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Term limits for PM proposed

Prime Minister Hun Sen, who has been in office since 1985
Prime Minister Hun Sen, who has been in office since 1985, addresses an audience at the Peace Palace on Monday. Heng Chivoan

Term limits for PM proposed

Civil society representatives said they will petition parliament in the coming days to consider amending the constitution to limit prime ministers to two terms in office.

Speaking at a roundtable discussion organised by election monitor Comfrel yesterday, political analyst Kem Ley said having no restrictions on terms in office would lead to more corruption.

“Being in office for a long time can create more nepotism, corruption and an absolutist regime,” he said. “When there is an autocratic regime the leader has the power and desire to topple groups who want to protest and express themselves.

“If we cannot restrict the prime minister’s term we will need to campaign and tell people not to support him.”

The discussion, which included speakers from Comfrel, the Cambodian Defenders Project, and Gender and Development Cambodia, centred on amending Article 119 of the constitution to add a clause limiting the prime minister’s term of office to a maximum of 10 years.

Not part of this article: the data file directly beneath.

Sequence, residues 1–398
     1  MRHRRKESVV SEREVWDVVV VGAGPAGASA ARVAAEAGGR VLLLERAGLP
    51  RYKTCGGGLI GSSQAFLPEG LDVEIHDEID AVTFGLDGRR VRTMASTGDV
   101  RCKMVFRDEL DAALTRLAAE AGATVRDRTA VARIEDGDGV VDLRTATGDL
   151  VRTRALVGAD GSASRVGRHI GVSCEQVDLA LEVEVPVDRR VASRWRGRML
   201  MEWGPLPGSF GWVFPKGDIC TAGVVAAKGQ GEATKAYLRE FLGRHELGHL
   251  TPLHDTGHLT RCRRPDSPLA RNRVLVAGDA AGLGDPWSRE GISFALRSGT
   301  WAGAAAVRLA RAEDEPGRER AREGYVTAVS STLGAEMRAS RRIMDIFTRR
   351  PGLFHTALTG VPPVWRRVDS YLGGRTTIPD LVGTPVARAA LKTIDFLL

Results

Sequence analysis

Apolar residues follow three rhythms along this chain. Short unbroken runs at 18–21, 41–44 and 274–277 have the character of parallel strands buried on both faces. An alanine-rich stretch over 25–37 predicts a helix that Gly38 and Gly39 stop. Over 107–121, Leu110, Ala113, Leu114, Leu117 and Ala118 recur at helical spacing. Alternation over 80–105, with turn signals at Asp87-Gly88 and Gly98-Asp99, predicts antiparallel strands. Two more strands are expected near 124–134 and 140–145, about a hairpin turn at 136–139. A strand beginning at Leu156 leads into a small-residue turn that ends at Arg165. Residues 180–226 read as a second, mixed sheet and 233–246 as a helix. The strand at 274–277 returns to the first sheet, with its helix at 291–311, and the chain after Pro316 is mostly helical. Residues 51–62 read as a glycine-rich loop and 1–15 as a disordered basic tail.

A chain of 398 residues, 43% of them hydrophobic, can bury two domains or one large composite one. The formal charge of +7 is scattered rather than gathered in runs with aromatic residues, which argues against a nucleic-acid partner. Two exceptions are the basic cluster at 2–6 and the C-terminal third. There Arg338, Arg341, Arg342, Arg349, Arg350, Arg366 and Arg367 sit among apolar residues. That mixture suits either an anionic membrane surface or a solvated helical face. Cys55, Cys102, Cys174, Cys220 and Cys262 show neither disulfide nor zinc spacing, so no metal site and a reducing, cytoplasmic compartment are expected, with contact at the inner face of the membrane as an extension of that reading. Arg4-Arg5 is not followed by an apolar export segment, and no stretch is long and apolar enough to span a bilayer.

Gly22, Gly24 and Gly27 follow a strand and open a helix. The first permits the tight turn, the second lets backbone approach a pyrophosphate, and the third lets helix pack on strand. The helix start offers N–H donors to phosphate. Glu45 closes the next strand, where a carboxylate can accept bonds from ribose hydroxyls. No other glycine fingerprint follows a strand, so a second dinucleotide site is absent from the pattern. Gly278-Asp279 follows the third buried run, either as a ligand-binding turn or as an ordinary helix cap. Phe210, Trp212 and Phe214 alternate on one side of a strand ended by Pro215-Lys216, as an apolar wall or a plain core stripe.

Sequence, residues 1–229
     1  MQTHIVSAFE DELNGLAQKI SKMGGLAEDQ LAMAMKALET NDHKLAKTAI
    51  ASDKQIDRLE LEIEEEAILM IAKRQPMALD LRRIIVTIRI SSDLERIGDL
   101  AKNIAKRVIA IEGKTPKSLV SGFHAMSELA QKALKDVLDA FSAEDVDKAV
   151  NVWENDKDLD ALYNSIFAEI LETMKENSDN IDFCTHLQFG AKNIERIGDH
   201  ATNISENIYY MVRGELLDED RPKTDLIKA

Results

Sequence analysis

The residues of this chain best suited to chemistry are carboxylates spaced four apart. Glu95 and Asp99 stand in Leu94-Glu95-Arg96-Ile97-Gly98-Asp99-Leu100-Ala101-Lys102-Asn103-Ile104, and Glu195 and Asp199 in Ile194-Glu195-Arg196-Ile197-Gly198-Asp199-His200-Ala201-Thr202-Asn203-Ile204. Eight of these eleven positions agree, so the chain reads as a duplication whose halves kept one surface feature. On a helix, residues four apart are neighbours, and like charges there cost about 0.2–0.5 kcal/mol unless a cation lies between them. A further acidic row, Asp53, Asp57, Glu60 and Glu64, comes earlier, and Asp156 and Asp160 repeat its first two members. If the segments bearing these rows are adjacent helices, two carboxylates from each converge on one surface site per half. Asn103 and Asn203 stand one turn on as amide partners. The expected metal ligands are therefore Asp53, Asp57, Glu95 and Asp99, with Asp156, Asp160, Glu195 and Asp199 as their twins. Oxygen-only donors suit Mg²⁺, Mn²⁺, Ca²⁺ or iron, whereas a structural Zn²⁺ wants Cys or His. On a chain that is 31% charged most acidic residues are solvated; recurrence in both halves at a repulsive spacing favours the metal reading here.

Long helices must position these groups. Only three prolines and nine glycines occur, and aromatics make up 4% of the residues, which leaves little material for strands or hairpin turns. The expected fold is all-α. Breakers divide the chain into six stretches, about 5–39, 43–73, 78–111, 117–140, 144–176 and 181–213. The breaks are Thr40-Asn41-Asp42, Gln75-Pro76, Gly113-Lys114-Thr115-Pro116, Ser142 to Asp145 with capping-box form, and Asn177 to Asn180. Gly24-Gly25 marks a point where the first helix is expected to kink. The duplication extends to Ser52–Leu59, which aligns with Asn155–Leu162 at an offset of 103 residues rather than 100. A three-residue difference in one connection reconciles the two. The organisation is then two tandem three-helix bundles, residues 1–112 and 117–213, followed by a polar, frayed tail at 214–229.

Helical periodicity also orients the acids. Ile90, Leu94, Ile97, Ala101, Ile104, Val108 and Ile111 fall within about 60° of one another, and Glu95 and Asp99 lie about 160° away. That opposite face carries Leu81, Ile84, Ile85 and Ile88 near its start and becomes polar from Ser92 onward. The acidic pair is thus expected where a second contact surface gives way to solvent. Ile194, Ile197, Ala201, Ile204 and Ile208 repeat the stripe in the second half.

Political analyst Sok Touch echoed Ley’s comments.

“Prime Minister [Hun Sen] is bigger than the constitution because he can change the constitution and can create a new one,” he said.

Hun Sen first became prime minister in 1985 and has held power ever since, briefly sharing it with Prince Norodom Ranarridh from 1993 to 1997.

Ny Chakrya, head the human rights and legal aid program at rights group Adhoc, said Hun Sen has acted as a president for life since he came to power.

“Our prime ministers have more power than other countries’,” he said.

Koul Panha, executive director of Comfrel, claimed that “officials in the Cambodian People’s Party also want to restrict the prime minister’s term … but they do not dare to speak out publicly.”

Nhem Thavy, a CPP lawmaker and National Assembly spokesman, said that because limiting the term of the office of premier was not in the July agreement between the opposition Cambodia National Rescue Party and the CPP, it would not be up for discussion.

CNRP deputy president Kem Sokha yesterday lent his support to the proposal.

“I and other [CNRP] lawmakers have to continue to demand [term limits] so that Cambodia can reach a point where all politicians can compete for the confidence of the people with fairness,” he said

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